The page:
How do I get my disk space back? Why does my DIT not shrink?

Hey folks,

yet another good question from the Newsgroups that I saw the other day. The question was:

When I delete objects from AD – the database does not shrink. Why?

First of all, it is important to understand the deletion process in AD. Deleting objects in AD doesn’t mean that you wipe the object right-away. The object is marked as deleted and then moved to the “Deleted Objects” container where it resides for a certain time (the tombstone life time) before it finally gets cleaned out off the directory. When cleaning it out, the database does not shring. The Garbage Collector process is out the just clean the database pages the object was written to. The pages are marked as “free” — and known as “Whitespace” from then on. This whitespace can then be used to write new data to the directory.

Twice a day, there’s “online defragmentation” happening on any DC. Note that this is nothing that could be replicated between the DCs. Defragmentation is done locally on the DC and changes the way data is stored in pages ‘physically’ in the database. Every DC is sure to store its data different than its friends do. So the service runs on any DC independently and does independent work. Unfortunately, online defragmentation does not gain any free space. It simply moves free pages together so that they get next to each other.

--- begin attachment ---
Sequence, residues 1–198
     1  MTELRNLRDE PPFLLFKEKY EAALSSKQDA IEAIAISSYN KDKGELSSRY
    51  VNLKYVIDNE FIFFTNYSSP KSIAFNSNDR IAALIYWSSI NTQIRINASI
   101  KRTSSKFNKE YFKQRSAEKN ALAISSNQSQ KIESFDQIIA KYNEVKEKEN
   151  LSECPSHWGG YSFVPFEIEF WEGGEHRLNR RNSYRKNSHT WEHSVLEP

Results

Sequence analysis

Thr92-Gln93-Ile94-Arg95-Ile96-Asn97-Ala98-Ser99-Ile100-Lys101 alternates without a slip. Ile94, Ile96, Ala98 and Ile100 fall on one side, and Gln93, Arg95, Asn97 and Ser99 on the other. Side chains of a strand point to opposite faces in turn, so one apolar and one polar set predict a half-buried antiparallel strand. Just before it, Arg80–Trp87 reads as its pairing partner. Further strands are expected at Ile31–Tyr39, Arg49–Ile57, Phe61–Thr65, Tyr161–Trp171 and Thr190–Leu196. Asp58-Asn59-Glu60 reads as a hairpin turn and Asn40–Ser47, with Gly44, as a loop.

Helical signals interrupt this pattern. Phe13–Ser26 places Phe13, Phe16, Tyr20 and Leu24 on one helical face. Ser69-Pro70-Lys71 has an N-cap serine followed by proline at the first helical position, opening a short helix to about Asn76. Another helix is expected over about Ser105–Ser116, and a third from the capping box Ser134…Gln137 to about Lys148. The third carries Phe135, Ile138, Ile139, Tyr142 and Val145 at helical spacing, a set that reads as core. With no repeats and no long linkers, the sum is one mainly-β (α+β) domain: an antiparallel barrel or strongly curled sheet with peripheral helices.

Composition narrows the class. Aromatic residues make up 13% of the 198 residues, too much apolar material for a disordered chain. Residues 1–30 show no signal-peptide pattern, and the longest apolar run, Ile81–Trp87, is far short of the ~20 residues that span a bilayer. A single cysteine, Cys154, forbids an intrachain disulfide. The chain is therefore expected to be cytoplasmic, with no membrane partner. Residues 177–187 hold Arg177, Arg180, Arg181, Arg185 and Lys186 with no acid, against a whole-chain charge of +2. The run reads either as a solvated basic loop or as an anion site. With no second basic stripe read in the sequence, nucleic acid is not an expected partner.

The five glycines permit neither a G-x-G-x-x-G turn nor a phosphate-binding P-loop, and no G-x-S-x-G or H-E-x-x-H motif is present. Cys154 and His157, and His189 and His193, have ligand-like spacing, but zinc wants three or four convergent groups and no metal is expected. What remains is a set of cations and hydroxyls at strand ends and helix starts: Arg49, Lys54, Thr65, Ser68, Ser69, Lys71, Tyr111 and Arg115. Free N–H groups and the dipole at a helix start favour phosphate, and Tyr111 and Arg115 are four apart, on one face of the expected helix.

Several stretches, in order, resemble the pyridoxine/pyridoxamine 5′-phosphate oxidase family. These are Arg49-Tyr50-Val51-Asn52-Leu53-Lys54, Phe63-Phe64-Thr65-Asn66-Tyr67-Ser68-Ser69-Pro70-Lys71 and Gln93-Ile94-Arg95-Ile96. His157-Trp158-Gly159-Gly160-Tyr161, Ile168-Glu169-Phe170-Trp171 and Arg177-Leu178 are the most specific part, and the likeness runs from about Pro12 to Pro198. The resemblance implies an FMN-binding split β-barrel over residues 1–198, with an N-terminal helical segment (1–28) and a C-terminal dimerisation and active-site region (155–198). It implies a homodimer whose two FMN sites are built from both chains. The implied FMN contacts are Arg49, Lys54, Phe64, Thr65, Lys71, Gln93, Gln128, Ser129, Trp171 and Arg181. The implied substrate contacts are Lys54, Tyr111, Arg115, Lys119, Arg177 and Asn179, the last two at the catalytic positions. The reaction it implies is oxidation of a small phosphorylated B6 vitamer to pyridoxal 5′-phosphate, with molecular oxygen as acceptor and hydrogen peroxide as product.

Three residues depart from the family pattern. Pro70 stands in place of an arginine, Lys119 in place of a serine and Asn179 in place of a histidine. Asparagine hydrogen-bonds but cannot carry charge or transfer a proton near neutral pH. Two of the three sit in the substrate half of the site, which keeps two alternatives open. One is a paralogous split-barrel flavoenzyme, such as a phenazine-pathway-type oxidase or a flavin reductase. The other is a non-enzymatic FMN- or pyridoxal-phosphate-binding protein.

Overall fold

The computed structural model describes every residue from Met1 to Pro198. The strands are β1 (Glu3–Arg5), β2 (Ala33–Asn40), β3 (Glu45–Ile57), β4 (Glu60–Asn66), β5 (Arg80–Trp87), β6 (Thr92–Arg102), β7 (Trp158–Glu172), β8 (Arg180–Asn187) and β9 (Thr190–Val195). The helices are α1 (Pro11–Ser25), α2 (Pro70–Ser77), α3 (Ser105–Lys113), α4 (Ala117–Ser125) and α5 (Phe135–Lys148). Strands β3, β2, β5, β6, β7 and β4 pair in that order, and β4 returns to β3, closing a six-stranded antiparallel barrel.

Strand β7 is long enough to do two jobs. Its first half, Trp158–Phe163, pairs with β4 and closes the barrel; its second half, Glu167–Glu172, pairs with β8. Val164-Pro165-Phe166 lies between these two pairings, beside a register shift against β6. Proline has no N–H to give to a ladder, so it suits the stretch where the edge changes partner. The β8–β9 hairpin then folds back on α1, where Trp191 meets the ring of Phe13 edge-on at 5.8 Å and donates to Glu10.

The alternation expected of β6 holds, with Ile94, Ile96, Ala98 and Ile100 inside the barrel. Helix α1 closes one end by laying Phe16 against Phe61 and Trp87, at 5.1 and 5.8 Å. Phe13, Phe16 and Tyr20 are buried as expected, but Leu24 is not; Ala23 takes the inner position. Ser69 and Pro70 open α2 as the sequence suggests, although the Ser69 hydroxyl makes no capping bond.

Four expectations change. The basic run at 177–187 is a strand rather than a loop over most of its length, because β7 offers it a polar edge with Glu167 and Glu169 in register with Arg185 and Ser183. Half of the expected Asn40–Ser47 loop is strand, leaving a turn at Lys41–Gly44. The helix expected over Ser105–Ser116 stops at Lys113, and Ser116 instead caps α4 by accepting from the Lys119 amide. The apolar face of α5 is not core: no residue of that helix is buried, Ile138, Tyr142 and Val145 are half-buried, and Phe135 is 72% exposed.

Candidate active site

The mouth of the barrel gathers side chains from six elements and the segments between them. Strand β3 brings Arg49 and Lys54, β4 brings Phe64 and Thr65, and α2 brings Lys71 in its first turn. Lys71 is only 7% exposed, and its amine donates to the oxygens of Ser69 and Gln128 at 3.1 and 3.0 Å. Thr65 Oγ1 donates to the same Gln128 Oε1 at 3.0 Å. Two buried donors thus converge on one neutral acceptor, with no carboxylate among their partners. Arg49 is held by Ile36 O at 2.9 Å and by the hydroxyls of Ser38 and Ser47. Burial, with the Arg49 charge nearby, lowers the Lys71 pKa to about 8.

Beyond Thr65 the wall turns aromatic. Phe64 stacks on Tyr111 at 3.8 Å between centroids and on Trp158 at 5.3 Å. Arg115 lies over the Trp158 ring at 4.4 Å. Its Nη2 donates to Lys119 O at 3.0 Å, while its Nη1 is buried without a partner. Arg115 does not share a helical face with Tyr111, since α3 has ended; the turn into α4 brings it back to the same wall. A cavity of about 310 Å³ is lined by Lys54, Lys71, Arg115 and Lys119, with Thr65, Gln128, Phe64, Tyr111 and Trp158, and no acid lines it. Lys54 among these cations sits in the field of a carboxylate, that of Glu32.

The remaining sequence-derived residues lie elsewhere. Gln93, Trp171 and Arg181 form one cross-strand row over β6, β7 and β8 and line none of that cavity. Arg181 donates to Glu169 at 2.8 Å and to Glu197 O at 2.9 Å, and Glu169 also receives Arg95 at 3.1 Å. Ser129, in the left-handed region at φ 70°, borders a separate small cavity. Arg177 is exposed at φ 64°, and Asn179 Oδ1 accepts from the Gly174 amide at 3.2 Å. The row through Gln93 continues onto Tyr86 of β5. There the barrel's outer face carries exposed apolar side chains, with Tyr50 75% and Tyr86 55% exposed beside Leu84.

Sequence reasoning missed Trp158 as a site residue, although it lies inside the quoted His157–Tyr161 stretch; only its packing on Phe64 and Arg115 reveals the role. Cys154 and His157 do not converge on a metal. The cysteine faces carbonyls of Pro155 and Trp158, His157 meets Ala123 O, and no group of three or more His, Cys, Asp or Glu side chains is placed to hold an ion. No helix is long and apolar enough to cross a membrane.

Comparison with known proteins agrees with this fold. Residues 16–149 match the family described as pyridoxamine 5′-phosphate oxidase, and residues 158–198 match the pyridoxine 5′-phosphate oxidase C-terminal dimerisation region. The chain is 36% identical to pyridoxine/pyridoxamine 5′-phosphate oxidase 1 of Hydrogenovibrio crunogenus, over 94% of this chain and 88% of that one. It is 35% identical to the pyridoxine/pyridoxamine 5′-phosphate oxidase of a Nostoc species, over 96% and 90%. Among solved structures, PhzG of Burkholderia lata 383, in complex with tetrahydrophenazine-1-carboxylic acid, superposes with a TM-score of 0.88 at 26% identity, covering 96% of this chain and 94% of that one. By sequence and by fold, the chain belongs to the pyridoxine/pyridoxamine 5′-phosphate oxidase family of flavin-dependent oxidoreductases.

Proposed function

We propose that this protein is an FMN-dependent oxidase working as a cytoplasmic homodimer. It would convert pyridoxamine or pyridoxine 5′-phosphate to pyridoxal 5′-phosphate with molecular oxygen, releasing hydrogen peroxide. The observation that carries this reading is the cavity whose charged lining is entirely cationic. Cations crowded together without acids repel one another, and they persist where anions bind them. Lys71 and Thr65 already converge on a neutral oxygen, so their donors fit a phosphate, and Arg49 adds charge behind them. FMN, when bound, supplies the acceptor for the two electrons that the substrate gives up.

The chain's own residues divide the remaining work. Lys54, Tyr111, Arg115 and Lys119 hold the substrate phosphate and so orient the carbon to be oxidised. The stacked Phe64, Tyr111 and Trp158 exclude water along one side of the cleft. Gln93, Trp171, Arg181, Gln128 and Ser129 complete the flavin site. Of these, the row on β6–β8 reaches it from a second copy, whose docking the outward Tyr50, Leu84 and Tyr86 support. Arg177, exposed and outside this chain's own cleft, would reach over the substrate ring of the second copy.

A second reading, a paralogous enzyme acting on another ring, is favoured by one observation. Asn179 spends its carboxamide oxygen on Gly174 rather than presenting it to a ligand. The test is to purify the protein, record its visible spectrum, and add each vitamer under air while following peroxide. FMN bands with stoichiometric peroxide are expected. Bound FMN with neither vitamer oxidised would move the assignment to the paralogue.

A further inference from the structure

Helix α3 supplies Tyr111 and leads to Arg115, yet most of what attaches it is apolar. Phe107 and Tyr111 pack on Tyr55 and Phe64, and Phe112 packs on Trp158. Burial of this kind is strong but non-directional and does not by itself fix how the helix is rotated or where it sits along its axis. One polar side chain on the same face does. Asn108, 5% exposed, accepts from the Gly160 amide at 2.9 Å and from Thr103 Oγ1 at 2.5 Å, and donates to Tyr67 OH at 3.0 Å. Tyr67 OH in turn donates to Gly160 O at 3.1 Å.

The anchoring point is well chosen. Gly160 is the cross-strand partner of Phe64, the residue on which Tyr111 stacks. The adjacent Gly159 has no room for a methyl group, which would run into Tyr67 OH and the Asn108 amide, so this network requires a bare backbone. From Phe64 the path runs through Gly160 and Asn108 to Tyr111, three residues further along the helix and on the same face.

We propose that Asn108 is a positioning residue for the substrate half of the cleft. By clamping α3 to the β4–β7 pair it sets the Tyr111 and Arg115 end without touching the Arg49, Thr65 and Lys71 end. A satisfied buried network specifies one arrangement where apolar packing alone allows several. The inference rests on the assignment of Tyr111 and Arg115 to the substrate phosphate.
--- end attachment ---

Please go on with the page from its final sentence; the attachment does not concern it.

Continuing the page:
So if you really want to shrink your database’s size, you’ll need to offline defragment it. That’s taking the DC down and booting it into DSRM mode. You’ll fire up NTDSUtil and use its “files” context and use the “compact to <directory>” command. NTDSUtil is then going to create a whole new DIT file for you – and copy the contents of the old DIT without its whitespaces to the new location. Once it’s finished (it may take a while, depending on your DIT size, obviously). Once done, you copy the new, compressed whitespace-free DIT over to the place the current DIT resides.

Now, boot back into normal mode and use the newly created, whitespace-free NTDS.DIT file.

Do you need Offline Defragmentation? Here are a couple of fast facts:

  • Yeah, if you run out of disk space. Check the eventID 1646 event after enabling “6 Garbage Collection” logging in HKLM\System\CurrentControlSet\Services\NTDS\Diagnostics. The services runs twice a day, too and will print out the amount of whitespace in a DC’s DIT.
  • Seriously, if you have to offline defrag your DIT just to gain a couple of MB to save your HDD from exploding, there’s something wrong with the DC and its hard disk management anyway, right? So offline defragging may not be the best choice to fix the problem.
  • The database won’t slow down if it grows bigger. Lots of whitespace isn’t much of a problem.Â
  • Offline Defrag involves downtime. Is it worth taking down your DC for a couple of minutes/probably some hours?
  • The process creates a whole new DIT database. Performing a full backup of the new DIT is encouraged.Â
  • You shouldn’t overwrite the current DIT but keep it in a safe location and use the compressed DIT. Just in case. You never know.

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